* How can I help the people around me to thrive? What are their needs and how can I address them?

* How can I help my community to show grace to the poor, the needy, and the helpless?

* How can I help my neighbourhood to be a community that God would delight in? What needs to be done, or developed?

* What injustices are there around me, and how can I join others in addressing and correcting them?

Q: If we ere to do these things consistently, do you think Christians and the church would have more credibility?

Q: What other questions might be helpful as we consider this topic?

The Surprise of Grace

Read Romans 5:-11

“We throw open our doors to God and discover at the same moment that he has already thrown open his doors to us … we can’t round up enough containers to hold everything God graciously pours into our lives through his Holy Spirit.”

Grace surprises us. Sometimes this comes with the realisation that even though we thought we had chosen for God – and in our experience that is often what happens – he has always been at work in us first. It seems that things are not always as they seem.

Why do we hang on to this notion that it is us who have made the difference? Is it because we desperately want to believe that we are still in control? That we can influence God? Is it because we are horrified by the thought that our rebellion and the fall have warped us at our core? Is it because we want to make some contribution to our eternal security? I am not sure. It could be a lot of things.

Our utter inability finds is glorious resolution in God’s love through Jesus

Truth is: we were sinners. We were God’s enemies. We were weak (too weak to make a difference). We were ungodly.

An yet God acted in Christ to change all that. Christ gave his life for us. God loved us. We were saved from God’s wrath. We were reconciled. God loved us. We were rescued. Our utter inability finds is glorious resolution in God’s love through Jesus.

You may not like this truth, but it is your reality. Good thing, too. Because being a rebel, a sinner, an enemy of God, it could not have happened without God initiating your rescue through Jesus.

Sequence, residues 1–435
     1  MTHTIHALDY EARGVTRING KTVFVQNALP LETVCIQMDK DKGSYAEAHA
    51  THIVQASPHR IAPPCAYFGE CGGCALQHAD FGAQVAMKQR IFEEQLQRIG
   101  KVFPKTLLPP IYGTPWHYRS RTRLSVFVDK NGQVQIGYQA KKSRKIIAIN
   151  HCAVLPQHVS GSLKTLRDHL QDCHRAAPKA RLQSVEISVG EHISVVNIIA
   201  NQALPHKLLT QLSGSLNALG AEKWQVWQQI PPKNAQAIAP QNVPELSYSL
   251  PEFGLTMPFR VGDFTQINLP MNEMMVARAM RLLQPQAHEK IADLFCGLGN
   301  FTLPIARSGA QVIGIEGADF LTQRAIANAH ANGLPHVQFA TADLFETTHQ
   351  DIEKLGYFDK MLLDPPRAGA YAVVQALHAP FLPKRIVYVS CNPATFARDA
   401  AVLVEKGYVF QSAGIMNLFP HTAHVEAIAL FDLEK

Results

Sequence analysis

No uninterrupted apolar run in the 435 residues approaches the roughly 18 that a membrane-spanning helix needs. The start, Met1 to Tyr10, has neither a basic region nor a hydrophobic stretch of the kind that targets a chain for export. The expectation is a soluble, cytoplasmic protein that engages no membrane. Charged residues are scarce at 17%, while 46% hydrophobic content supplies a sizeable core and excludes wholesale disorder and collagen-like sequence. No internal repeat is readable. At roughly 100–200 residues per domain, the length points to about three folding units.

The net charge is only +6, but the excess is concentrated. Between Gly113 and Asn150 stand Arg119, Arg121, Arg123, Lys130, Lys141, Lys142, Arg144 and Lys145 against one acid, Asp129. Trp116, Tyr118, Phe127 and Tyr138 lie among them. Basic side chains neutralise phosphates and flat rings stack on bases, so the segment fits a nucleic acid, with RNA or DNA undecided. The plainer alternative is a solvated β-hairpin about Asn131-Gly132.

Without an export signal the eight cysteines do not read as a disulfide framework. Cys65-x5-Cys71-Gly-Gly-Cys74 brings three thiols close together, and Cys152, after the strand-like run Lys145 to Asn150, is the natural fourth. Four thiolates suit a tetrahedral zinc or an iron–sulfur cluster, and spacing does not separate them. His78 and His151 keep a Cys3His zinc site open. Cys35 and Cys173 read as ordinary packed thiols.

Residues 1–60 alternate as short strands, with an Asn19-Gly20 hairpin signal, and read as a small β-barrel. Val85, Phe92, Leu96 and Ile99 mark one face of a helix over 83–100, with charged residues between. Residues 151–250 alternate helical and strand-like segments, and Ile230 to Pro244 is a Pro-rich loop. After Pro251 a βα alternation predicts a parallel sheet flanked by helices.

But it has happened – how good is that? Through Jesus we have peace with God, and we rejoice in the truth that while we may not understand, we gladly accept that he has opened his door to us. First.

Power and Self

Read: Gal 5:13, John 13:3,4

When we think of power, and self, and what we might do if we had unlimited power and freedom, it is understandable that we start to think about ourselves. Take a different career track. Or retire and cruise the Whitsundays. Buy a new house. Deal with the challenging relational situation which has been keeping us down, and out.

God’s plan for restored humanity, and therefore for you and me, is different. His plan is for us not to use our freedom for ourselves, but instead to serve others humbly in love (Gal 5:13). Want to be like God? Then use your freedom to address the needs of others.

Same with power. God’s plan is not for us to use our power to bolster our own authority, to build our own kingdom, or to serve our own wants, but to serve others. Power, in God’s economy, is to help others thrive, and to lift up the helpless.

Power, in God’s economy, is to help others thrive

There is an astounding couplet on John 13, where we read that Jesus knew that the Father has put all things under his power – did he use this for himself? Or even to receive something he might rightfully have deserved? No. He directed this power towards others and to cause them to thrive in his grace and his mercy: He got up, took off his outer clothing, wrapped a towel around his waste, and washed his disciples’ feet.

It is any wonder that God reminds us that love is the mark of the Christian? The measure of those who are in relationship with him?

Can you imagine the power of good that would be poured into our world if every Christian and every church were to do this filly and freely?

This can only happen in us when God rules our hearts and values: when his Son and Spirit transforms us into his image and character.

Q: What would change in your church, community, or family if you were to embrace these values fully?

Not much to look at…

Read: 2 Cor 4

I don’t like being weak, and I certainly don’t like being perceived as weak. So I engage in the stupidity of covering up. It is a clumsy attempt to project some other reality, one of relative strength and having it together.

I think I shortchange God when I do this. Paul was a man who was in touch with his weakness. I can imagine his CV saying ‘excellent education under Gamaliel, and later, Jesus himself, but I am not much to listen to, and i have several persistent and debilitating personal issues…’ Would you hire someone like that?

When I seek to give the impression of strength, the focus is on me, and the Gospel is masked. We have all seen mega churches which advertise their senior pastors with larger than life airbrushed images. What images might there have been outside Paul’s church (even though he was regional and itinerant, and not bound to a ‘church building’). A cross? A gallows and noose? A broken terra cotta pot? A picture of disability?